You kept returning to the word ‘presence’ during the Project Morpheus reveal event – why are you selling that term so hard?
Even when you show [Morpheus] to developers, they ask, “OK, what’s the killer app?” And it’s a very difficult question, kind of like asking “What’s the killer app for TV?” or “What’s the killer app for consoles?” I think the reason we focus on presence is that it’s a running theme throughout the demos and the content [that] we believe is going to be very good in VR. What the killer app is going to be is transporting you to another environment. And that environment might be passive, it might be like a Zen garden where you just sit and meditate, or it might be barrel rolling a spaceship, which would be super-intense and a completely different experience. But in each case, it’s important that you feel like you’re actually in that environment. That’s the difference between VR and games – what is it that’s going to make people put on a VR headset and get the hardware? It’s going to be presence, because that’s unique to VR. You can get an immersive experience from games, movies and books, but you can’t get presence from those media and it’s only really possible from VR.
Is there a danger of the effects of wearing the headset being too intense? What can you do about that?
It’s difficult to say, because most people are new to it. It’s like if you take someone who’s never played videogames and put them in front of Skyrim, then how long do you think they’ll last? It takes a long time and a kind of gaming acclimatisation – in the same way we’re looking at VR and saying, “Phew, that was really intense.” But who knows? Five years down the line, people might be just used to it – you wake up and you’re into VR and go to work. I’m not a futurologist. I don’t like to sow those kind of predictions, but I do know that humans have a funny way of acclimatising to technology. So that makes it very hard to predict what’s going to stick and what’s not. I think it’s too early to tell.
What kind of a response have you had from other developers so far?
All the third-parties we’ve demoed to have been really excited, and it’s something that, when you talk to engineers, it’s all they want to do. When business people get involved, it’s a question of what’s the return, installed base, so on and so forth.
Yes, while there is some risk in developing for new technology, there’s also a huge opportunity, because like Michael Abrash has said in his Valve talks, whoever makes the first huge app for VR is going to hit it really big. I think the excitement of being the pioneer in the field is going to draw a lot of people in. Maybe [fewer] of the bigger publishers, at least at first, but I think the indies will be excited. And we’ve been very indie-friendly at PlayStation lately. It’s not by accident. There are many different ways to approach this, so of course there’s the firstparty studios – you’ve seen the content from London Studio, and all of the firstparty studios have dev kits. There are definitely internal developments going on.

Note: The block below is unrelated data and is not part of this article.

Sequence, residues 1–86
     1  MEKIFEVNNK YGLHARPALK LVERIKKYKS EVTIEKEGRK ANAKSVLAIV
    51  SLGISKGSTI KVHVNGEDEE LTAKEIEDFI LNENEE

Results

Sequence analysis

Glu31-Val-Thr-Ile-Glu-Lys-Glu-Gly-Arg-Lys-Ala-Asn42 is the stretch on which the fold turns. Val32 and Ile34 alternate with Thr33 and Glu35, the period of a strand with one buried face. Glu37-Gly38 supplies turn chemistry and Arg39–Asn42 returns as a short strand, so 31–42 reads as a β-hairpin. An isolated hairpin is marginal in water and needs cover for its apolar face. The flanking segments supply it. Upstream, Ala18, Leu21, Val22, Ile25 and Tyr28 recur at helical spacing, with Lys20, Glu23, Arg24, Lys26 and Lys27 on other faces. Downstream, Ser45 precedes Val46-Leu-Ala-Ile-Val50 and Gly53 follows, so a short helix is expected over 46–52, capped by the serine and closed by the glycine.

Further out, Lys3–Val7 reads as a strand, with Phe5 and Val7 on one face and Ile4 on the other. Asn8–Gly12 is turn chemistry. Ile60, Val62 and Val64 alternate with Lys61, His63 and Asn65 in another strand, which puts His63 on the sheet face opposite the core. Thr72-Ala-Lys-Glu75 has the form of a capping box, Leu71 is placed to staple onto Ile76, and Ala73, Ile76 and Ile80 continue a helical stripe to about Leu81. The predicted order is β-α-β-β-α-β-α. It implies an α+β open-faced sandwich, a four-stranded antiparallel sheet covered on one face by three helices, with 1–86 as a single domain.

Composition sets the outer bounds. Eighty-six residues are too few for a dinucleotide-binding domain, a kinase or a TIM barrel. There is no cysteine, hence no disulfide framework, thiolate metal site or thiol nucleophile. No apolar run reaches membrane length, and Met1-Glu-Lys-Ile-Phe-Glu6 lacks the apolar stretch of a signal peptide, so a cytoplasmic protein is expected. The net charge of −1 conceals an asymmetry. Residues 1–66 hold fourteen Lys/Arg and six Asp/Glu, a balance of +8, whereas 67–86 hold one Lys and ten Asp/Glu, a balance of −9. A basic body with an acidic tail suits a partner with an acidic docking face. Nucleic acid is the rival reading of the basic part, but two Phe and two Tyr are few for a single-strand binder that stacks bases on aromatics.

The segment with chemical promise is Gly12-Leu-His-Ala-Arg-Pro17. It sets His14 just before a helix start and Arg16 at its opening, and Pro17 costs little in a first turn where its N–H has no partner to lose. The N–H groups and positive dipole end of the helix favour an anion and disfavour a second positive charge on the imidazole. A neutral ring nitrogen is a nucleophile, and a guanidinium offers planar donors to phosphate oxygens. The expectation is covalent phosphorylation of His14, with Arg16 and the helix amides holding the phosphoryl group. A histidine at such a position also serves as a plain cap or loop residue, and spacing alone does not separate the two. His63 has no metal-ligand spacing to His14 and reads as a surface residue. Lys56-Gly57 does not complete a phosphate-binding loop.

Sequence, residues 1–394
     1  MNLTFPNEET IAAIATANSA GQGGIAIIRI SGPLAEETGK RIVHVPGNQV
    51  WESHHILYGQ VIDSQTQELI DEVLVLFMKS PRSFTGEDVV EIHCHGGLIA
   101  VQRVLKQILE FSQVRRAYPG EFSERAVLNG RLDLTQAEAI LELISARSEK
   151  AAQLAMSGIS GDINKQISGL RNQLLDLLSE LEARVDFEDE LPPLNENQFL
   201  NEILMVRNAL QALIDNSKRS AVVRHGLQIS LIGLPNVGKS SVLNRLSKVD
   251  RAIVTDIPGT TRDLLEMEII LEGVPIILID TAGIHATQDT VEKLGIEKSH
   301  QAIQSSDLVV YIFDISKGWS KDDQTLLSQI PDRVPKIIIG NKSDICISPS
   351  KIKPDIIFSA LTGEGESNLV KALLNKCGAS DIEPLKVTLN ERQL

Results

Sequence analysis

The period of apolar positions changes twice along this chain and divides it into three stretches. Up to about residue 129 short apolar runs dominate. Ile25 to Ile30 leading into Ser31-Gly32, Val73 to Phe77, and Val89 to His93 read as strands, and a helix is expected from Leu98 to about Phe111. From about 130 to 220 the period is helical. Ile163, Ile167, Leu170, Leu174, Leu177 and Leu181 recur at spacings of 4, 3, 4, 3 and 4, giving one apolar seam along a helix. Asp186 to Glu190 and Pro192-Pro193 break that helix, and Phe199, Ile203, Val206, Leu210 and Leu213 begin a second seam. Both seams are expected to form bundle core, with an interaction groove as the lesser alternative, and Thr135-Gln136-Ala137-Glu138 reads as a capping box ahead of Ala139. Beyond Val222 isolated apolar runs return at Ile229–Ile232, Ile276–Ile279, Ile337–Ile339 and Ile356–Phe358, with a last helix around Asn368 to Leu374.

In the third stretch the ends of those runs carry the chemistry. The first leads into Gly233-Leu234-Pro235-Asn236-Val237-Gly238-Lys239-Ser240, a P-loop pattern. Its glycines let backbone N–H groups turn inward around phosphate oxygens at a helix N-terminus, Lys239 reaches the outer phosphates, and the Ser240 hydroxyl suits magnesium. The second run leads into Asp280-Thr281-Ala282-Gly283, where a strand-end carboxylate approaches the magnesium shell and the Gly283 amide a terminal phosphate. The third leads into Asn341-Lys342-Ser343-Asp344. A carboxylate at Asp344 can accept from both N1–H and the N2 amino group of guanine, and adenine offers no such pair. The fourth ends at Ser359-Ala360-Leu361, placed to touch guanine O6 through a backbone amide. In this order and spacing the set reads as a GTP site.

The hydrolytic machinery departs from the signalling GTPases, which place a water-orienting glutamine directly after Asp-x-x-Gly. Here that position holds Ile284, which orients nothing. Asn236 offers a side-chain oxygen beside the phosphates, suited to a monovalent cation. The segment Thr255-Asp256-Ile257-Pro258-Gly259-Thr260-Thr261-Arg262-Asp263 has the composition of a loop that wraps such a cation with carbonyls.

What conversations have you had with Oculus and Valve?
We think that they’re all doing fantastic work and we’re all in this space to basically bring VR to reality – we’ve been promised VR for so long that it’s kind of overdue. I think we’re all on the same page and working towards the same goal. I don’t have any partnerships to announce at this time, [but] we’re all on very friendly terms.
You’ve suggested that Move was designed as a VR controller from the beginning – what’s the story there?
Effectively Move is a VR wand in disguise as a motion controller. So we specced it and built it to be a VR controller, even though VR wasn’t a commodity. As engineers, we just said it was the right thing to do. If you look online, a lot of universities use it as a VR device using move.me for PS3 – an application for scientists who use the Move tracking hardware. At the time, we didn’t have a consumer-grade project that we could work on, but it was definitely designed with that vision in mind.
What can you tell us about Morpheus’s eventual price and release date?
We wouldn’t be doing this if we didn’t know that we could make this for an affordable price. Obviously, there’s a wide range of what people consider affordable, but this is going to be a consumer-grade device. The reason we’re announcing this now is because before we couldn’t see a path to product and now we can see some way to accomplish a product that’s valuable for the console market.
How does the Morpheus tech compare to the HMZ headsets Sony produces today?
The difference between this and the HMZ line is that our focus has always been on gaming. So our display design is different from the personal viewer display the HMZ has. Their goal is to simulate a theatre experience in your living room – to make a large screen or large TV experience that might not fit in your apartment. Their focus is less immersive and more replicating that theatre experience. VR for games has a different purpose compared to VR for TV and movies, so they’re different product lines, although they both sit on your head and have displays in them.